Proactively Addressing Customer “Defection”

Where your customer (or patient) has the ability to defect (i.e., chose another health plan, go to another PCP or hospital, chose another drug or pharmacy), what are you doing to predict this and act in advance.  As the old saying goes, it is cheaper to keep a customer than to attract a new one.

In wondering what other industries do, I was a little discouraged to find the following in CSC’s 2004 Customer Intelligence Diagnostic Survey:

“half of the respondent firms never, or almost never, perform defection analysis to identify customers who are on the verge of defection.  Nevertheless, over half of the respondents claim that they have developed targeted programs to prevent defection.”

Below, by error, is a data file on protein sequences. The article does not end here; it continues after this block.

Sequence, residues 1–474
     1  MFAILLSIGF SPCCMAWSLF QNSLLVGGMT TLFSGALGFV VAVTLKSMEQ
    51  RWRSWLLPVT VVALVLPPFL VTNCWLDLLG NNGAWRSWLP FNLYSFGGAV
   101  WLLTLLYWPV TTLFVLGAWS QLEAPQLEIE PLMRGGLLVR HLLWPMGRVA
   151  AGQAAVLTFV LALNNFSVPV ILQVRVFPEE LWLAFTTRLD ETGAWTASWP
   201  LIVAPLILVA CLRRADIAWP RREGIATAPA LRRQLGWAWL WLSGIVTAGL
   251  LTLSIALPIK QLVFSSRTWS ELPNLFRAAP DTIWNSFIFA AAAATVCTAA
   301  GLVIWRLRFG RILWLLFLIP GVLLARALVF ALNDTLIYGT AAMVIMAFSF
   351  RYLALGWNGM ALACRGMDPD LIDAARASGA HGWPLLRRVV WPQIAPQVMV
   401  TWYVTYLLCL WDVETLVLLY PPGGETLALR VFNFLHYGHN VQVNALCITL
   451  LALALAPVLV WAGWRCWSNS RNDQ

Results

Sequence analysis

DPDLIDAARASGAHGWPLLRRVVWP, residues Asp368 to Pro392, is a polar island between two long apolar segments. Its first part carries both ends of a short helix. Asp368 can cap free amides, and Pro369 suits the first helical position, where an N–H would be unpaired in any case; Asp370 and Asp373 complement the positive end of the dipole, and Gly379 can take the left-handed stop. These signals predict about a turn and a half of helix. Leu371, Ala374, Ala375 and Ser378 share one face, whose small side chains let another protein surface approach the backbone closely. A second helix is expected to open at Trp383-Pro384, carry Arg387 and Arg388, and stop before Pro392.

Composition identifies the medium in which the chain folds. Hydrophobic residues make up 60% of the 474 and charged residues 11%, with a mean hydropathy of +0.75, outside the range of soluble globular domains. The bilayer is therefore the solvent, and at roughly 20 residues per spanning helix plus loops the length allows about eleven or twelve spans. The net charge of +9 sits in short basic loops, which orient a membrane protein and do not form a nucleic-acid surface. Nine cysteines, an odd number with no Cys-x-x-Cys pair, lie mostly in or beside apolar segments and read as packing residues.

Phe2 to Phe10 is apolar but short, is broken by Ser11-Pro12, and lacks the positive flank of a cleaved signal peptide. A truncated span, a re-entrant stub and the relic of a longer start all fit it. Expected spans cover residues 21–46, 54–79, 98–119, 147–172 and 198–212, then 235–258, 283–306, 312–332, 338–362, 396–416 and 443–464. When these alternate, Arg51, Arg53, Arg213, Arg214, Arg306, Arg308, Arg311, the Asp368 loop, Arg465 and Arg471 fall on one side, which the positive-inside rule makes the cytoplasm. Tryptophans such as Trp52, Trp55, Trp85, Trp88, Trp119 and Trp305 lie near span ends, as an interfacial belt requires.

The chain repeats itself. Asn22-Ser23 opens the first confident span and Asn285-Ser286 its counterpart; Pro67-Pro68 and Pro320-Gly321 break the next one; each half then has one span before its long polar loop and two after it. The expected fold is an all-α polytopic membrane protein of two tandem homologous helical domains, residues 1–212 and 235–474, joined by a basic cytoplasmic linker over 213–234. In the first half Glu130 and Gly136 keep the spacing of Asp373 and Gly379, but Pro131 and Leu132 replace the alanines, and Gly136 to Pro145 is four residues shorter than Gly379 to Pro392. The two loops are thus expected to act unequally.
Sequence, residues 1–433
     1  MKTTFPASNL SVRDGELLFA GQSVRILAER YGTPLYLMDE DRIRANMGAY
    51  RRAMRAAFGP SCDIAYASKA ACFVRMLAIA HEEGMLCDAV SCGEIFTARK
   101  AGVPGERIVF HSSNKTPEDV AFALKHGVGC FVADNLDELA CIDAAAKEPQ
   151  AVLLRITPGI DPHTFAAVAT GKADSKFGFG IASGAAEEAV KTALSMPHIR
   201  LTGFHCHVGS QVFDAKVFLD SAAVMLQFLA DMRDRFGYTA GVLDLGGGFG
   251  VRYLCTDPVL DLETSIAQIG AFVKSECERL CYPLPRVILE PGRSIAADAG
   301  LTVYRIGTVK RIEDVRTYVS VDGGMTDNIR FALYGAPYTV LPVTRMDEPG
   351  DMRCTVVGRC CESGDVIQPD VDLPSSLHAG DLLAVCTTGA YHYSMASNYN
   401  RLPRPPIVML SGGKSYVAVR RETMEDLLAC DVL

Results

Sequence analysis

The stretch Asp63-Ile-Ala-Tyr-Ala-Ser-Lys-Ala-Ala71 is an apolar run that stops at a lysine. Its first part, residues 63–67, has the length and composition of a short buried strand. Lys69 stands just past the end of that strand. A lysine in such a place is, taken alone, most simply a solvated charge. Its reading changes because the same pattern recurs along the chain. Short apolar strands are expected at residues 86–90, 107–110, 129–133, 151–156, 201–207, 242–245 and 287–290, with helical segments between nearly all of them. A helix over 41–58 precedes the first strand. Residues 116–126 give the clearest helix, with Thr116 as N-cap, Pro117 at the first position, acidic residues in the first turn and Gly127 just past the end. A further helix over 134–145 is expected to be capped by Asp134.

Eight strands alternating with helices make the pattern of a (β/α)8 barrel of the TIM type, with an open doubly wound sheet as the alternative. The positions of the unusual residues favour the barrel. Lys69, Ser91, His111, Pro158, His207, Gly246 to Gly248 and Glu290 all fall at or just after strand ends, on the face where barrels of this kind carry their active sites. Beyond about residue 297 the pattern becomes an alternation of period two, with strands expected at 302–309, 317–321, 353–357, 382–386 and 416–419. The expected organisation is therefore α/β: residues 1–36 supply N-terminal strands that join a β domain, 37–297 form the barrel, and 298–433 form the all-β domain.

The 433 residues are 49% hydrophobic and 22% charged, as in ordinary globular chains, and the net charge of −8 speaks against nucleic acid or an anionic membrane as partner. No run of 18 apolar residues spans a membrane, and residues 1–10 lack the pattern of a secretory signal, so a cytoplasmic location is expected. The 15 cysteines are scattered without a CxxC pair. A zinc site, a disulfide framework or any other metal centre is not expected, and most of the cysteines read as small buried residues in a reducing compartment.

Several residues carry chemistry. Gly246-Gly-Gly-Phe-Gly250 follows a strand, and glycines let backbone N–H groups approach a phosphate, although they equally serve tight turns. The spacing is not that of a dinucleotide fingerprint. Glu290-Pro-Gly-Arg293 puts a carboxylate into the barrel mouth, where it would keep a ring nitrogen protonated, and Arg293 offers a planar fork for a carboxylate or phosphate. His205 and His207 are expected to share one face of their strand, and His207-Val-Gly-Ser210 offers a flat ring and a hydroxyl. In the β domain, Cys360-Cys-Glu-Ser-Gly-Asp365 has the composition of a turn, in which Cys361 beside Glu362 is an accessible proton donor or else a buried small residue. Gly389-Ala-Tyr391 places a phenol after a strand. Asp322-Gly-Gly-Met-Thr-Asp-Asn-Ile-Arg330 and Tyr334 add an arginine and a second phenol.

Even companies that ask about your experience or satisfaction often don’t act on it.  For example, I have stayed at the Detroit Ritz several times for personal travel.  Each time, check-in has been bad.  Every time I check out, they ask how my experience was.  I say it was okay.  They say great and move on.  [Which shouldn’t be acceptable at a place like the Ritz that prides themselves on customer service.]  Never have they asked me for feedback.  So, instead, I complain to the national office and get a gift certificate which costs them money…simply for not acting on my lack of satisfaction.

In healthcare, it may be a little harder to predict, but not filling a maintenance drug or not scheduling a follow-up appointment are definitely bad signs.  A quick follow-up survey to any experience will tell you a lot.   And, as I think I have mentioned before, for healthy people that never experience their healthplan, it makes a lot of sense to reach out to them prior to open enrollment when all they will see is another rate hike.

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